Once an Off-Broadway production has closed, it's usually gone forever. But three excellent productions — all from female playwrights — have been remounted this summer, thanks to popular demand.
Men on Boats (photo above)
By Jaclyn Backhaus, directed by Will Davis
From Clubbed Thumb, at Playwrights Horizons through Aug. 21.
This adventure story follows the real-life escapades of the John Wesley Powell expedition through the Grand Canyon after the Civil War. Except here, all 10 male characters are played by women. It's not a dig at masculinity, exactly, but a look at how masculinity is something that's performed, not something that's inborn. That sounds serious — and there are some serious aspects. But mostly, this is a delicious romp across the Southwest with contemporary bite.
By Bess Wohl, directed by Rachel Chavkin.
From Ars Nova, at Pershing Square Signature Center through Sept. 25.
Seven people gather at a silent meditation retreat in the woods. But this show is loudly expressive. The character communicate with each other through gesture and expression, showing us how words can fail to express what we really mean — and how they can get in the way of real friendship, love and community. This is a beautiful look at human frailty and one of the most moving shows I've seen this year.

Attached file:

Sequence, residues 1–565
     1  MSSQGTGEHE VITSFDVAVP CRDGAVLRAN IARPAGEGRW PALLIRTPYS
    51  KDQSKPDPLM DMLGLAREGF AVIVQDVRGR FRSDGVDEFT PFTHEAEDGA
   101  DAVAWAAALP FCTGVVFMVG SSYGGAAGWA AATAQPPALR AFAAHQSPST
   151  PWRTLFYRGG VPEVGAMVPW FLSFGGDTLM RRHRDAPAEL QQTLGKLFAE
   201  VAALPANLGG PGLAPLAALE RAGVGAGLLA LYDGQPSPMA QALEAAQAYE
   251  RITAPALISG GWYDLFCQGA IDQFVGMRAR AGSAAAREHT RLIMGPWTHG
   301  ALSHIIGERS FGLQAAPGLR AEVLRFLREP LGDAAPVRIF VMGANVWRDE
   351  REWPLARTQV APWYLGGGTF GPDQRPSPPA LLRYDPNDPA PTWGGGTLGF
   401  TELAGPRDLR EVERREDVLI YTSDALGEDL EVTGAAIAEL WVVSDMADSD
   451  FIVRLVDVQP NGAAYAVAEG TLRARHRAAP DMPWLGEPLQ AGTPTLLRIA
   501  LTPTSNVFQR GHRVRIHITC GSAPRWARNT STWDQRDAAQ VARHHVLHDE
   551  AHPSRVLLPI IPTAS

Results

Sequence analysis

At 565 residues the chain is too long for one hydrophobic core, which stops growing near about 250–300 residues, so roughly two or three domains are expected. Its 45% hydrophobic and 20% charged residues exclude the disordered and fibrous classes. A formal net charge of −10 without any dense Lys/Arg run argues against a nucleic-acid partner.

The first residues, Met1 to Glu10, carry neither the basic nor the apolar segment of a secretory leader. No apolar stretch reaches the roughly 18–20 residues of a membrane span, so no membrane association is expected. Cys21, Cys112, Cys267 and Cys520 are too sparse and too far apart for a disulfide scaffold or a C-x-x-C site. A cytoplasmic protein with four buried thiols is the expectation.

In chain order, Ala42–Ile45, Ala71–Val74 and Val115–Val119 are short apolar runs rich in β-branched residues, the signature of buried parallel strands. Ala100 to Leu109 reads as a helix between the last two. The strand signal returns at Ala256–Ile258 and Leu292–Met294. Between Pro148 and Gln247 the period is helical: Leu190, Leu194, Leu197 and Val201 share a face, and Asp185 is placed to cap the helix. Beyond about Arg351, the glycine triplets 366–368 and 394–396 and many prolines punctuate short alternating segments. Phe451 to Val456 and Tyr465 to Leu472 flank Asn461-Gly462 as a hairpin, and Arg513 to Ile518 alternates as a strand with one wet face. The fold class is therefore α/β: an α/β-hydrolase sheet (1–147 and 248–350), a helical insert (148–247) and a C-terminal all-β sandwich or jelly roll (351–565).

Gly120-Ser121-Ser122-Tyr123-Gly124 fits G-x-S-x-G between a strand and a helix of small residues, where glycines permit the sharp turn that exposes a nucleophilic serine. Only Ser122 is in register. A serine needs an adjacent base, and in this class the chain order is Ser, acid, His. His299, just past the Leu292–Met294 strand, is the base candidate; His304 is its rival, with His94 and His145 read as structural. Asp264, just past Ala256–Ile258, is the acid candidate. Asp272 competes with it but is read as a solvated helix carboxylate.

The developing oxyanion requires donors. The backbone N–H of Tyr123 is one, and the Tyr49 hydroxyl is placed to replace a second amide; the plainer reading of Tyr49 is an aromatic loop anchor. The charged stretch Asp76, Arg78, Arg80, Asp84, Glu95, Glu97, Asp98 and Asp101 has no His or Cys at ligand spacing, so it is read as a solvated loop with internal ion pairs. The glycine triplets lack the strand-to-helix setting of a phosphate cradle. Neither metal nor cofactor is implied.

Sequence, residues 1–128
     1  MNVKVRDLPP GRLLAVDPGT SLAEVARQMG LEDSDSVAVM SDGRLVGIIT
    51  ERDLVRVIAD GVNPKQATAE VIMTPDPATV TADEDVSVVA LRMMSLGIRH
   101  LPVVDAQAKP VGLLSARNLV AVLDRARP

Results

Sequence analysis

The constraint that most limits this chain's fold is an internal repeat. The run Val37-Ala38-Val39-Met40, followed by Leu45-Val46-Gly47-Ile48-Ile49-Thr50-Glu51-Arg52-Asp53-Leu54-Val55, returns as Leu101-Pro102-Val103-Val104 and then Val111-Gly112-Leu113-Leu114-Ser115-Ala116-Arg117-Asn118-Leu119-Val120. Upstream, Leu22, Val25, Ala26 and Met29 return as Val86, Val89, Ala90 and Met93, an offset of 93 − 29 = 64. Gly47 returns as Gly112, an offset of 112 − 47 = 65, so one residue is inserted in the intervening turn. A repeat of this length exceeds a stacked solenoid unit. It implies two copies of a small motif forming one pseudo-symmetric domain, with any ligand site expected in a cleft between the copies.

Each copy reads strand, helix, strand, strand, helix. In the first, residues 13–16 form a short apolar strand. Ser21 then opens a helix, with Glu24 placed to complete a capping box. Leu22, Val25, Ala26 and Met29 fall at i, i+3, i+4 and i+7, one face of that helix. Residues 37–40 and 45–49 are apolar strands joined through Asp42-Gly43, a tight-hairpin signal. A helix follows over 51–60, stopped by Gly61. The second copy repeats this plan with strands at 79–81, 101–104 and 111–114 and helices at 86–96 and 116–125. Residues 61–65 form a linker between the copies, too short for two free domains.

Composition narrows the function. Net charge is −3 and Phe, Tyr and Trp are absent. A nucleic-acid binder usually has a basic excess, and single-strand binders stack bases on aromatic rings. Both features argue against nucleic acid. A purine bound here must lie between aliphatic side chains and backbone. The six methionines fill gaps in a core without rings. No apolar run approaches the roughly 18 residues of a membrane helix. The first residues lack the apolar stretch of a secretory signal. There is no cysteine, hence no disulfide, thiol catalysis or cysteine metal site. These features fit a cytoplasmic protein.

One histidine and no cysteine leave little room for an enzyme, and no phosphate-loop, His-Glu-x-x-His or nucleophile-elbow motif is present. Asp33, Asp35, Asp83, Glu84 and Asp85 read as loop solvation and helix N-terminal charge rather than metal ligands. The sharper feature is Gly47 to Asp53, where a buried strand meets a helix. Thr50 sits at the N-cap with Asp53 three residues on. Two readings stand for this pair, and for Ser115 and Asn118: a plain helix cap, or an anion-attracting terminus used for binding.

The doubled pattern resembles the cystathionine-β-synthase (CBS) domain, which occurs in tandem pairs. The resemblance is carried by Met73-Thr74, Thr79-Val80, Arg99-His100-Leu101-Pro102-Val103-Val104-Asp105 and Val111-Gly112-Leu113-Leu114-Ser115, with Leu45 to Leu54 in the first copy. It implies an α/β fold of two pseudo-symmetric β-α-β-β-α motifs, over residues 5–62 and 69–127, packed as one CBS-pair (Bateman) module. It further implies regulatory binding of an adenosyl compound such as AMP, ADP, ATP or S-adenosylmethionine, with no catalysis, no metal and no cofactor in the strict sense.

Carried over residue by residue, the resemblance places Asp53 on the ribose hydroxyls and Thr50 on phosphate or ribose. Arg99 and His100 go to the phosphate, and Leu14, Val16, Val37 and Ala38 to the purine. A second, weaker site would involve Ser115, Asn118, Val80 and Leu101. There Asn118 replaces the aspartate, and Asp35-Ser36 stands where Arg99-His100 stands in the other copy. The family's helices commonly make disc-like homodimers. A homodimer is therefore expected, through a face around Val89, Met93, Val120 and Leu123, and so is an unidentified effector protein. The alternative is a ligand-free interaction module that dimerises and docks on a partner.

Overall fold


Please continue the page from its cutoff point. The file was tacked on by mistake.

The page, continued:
Adapted by Kate Hamil, directed by Eric Tucker
From Bedlam, at the Gym at Judson through Nov. 20.
We don't think "madcap" when it comes to Jane Austen, but this is indeed a madcap take on the romantic trials of Elinor and Marianne Dashwood. The cast members double as crew, flinging tables across the stage, and pressing in close to hear private conversations. This is a society where gossip is all powerful, and Tucker's staging helps us feel its claustrophobia, as well as its small-minded daffiness.